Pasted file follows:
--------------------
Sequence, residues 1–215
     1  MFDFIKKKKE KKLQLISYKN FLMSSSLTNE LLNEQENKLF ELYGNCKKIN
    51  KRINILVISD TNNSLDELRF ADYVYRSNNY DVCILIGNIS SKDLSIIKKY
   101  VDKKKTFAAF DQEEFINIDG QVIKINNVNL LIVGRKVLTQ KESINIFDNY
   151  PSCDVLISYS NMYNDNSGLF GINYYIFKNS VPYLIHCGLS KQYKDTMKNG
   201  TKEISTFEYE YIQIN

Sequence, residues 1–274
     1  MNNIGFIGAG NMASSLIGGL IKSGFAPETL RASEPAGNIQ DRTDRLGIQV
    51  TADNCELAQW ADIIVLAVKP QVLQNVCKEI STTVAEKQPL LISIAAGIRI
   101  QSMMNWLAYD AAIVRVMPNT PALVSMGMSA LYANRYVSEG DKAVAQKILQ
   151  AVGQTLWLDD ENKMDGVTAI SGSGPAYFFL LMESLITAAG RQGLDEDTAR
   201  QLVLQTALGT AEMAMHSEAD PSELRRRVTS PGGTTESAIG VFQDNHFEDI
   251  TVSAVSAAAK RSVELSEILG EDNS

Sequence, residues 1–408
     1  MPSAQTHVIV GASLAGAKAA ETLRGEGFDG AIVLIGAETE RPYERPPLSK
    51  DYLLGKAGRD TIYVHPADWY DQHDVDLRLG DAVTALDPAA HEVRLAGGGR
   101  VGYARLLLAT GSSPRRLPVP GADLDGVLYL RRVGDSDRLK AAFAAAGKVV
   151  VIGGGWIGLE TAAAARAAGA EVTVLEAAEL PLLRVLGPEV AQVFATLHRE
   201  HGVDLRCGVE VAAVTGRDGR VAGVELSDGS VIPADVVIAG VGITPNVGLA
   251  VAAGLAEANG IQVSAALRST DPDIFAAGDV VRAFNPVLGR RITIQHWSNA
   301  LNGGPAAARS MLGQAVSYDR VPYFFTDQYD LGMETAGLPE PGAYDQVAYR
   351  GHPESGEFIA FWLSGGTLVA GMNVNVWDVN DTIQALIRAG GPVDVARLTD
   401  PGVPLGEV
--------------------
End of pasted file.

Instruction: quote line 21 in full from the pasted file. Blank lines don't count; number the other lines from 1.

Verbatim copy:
   301  LNGGPAAARS MLGQAVSYDR VPYFFTDQYD LGMETAGLPE PGAYDQVAYR